The Telecaster. It is the name that will forever be known as the instrument that changed the world of music. The Telecaster was the very first commercially available solid-body electric guitar, introduced in 1952 by Leo Fender. From that point on, how we play the guitar, how a guitar sounds, and what kinds of music were even possible rapidly expanded and diversified all across the world.
The 1950s brought a revolution to the music scene as other guitar makers quickly recognized the limitless tone and sound potential that solid-body electric guitars, like the Telecaster, made abundantly clear.
It was the Telecasters of the 1950s that established the distinctive twang they are best-known for. The sound and tone were unlike anything that had come before, and some would argue unlike anything since.
Telecasters gave us the words “vibe,” “twang,” “boom chicka,” and “crunch” as ways to describe amplified guitar sounds. Not only did the Telecaster change how music was made and played, but it also changed how we talk about music and guitars.
Decades have passed since Fender unleashed the Telecaster on the world, and today Squier are stepping up their game and are proud to offer their respect and homage to the Telecasters of the 1950s; Classic Vibe 50s Telecaster.
Squier’s Classic Vibe 50s Telecaster is made in the image of its predecessor. It is a versatile guitar that provides easy playability, dynamic sound, and tone, and comes with a very reasonable price tag.
So, join us as we dive into what makes the Squier Classic Vibe 50s Telecaster tick, tock, rip, rock, and roll…
The wood used to make the body of an electric guitar is easily one of the most important aspects. Different kinds of wood have different sonic and acoustic properties. The wood used to construct a solid-body body guitar affects the tone, sustain, resonance, and dynamics.
Another influence on the choice of wood is the availability and the price. There are some woods that are plentiful and some that are rare, which means some are going to cost less, while others are going to cost more.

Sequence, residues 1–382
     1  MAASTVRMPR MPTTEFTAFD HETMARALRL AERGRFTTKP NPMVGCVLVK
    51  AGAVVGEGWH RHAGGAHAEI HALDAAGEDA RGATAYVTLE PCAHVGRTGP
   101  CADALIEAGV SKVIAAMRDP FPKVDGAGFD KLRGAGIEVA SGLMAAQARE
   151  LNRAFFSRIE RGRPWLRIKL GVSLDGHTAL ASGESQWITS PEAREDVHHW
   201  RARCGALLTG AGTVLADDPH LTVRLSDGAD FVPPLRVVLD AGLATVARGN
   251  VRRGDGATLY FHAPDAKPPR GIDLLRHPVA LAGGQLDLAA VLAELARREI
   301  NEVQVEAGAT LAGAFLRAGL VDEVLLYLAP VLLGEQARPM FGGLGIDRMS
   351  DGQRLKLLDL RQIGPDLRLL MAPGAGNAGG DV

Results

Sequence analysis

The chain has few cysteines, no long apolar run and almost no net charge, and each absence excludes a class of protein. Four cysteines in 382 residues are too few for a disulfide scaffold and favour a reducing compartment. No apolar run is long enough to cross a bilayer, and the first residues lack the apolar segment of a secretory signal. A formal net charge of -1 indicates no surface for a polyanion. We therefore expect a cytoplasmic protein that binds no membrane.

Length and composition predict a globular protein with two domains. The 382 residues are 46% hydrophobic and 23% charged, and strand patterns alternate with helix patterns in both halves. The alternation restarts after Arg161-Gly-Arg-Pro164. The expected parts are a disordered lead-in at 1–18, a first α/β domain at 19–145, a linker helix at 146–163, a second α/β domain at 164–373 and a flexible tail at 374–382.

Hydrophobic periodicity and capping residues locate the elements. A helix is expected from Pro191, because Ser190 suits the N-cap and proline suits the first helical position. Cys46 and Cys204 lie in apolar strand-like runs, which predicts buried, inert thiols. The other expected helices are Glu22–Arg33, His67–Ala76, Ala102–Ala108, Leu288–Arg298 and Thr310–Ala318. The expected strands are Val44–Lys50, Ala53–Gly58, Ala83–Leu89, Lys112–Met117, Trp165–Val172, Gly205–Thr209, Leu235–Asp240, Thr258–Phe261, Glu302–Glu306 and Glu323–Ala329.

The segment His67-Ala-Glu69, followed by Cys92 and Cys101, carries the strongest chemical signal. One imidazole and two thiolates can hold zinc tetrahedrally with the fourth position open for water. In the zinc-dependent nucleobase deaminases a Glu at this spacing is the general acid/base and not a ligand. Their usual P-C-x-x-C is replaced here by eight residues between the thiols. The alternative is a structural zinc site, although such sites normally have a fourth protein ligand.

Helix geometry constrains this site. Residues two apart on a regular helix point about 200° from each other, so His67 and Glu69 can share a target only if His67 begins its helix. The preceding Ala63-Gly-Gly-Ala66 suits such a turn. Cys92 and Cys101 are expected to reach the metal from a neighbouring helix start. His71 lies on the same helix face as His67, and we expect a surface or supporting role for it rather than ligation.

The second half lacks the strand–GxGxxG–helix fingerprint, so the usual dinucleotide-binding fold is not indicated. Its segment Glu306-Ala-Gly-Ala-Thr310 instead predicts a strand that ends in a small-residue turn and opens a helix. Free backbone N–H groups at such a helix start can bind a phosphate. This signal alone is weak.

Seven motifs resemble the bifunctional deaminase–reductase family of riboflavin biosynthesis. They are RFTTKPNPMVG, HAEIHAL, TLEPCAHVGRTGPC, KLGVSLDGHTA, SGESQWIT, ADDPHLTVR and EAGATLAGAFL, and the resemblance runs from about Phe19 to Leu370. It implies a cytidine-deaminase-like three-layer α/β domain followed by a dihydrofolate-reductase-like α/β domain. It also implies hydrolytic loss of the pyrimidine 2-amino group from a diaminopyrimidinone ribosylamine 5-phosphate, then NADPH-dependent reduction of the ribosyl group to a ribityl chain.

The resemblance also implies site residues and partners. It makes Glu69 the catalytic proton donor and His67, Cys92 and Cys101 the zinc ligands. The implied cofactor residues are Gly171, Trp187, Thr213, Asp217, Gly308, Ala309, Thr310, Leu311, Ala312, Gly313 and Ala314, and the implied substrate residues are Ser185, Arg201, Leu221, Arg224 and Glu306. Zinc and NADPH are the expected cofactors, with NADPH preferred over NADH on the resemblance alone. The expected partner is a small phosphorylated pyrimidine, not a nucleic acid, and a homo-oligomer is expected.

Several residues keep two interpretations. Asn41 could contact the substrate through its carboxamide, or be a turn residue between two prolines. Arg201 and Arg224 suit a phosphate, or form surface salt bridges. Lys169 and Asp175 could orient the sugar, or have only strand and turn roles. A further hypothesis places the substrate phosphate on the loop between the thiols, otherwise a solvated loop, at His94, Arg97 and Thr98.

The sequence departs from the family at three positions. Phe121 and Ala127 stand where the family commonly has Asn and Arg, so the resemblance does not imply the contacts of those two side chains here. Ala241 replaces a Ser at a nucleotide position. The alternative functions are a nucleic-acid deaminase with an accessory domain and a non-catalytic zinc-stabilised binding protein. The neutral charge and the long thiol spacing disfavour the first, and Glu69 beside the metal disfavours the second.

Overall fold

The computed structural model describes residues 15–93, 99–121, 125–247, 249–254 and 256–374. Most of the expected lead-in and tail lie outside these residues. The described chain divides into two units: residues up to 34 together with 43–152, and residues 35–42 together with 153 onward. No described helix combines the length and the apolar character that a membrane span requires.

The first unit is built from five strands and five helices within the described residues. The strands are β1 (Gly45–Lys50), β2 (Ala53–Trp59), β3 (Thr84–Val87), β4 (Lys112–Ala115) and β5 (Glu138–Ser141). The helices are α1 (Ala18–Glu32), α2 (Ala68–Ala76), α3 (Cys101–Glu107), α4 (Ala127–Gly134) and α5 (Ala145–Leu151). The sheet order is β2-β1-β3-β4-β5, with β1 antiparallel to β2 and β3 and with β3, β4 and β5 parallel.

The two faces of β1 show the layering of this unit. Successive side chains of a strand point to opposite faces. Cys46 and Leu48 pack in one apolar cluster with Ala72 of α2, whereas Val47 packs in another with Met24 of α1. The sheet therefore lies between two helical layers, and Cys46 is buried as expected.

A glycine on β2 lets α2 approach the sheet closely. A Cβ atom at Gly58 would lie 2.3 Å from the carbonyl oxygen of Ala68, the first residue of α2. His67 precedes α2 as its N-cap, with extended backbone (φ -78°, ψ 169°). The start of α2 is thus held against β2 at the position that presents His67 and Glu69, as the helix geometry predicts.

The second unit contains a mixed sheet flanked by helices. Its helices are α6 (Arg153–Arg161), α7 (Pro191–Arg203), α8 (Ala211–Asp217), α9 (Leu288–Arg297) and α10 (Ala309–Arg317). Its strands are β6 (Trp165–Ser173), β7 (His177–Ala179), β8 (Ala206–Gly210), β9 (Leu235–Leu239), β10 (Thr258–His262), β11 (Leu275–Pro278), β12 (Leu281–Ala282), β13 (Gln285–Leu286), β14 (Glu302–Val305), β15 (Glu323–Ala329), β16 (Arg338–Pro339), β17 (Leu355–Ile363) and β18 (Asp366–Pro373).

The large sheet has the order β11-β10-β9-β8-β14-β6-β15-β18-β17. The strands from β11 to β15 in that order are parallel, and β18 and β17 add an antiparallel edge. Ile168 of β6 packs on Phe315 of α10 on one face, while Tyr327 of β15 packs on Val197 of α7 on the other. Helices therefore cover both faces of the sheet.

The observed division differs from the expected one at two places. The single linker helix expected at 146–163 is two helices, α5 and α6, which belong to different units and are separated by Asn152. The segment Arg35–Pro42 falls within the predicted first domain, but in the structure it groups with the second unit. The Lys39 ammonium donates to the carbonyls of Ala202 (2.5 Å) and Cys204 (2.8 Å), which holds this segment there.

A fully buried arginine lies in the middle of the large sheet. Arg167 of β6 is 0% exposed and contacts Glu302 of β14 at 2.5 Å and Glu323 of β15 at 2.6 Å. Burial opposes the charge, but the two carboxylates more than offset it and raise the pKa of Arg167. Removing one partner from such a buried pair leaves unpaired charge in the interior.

When Squier decided to recreate the 1950s Telecaster, they stayed true to the original design of the solid-body. The Squier Classic Vibe features a solid pine body, which was one of the main woods used to make Telecasters in the 1950s.
A big reason why pine was commonly used was because of its availability. Pine grows all over North America and was an inexpensive choice in the 1950s. Today pine is still one for the cheaper varieties of wood due to its abundance all over the world.
This is a solid single piece of wood just like the original. It means that it is heavier than a body made with three or more pieces of wood. It also translates into greater sustain and overall fullness in the tone.
The sound and tone of a solid pine body guitar are similar to ash and alder. With a pine body guitar, you will get a punchy, rounded, and full tone. It is slightly less snappy than the alder or ash solid-bodies, but it is such a subtle difference most people cannot tell the woods apart based on their tones.
Pine is often called a “soft” wood, but that can be misleading. Pine is soft because it is easier to work with. Solid pine body guitars are still heavy and strong. The soft nature of pine just means it may be more prone to dents and dings if you drop it or knock it into something.
It is important to stress that the “softness” of pine does not affect the overall Telecaster tone and sound. The Squier Classic Vibe offers you all the twang you could hope for, plus lots of sustain and punch.
This guitar looks beautiful in a Butterscotch Blonde finish, and the classic black pickguard completes the idyllic appearance.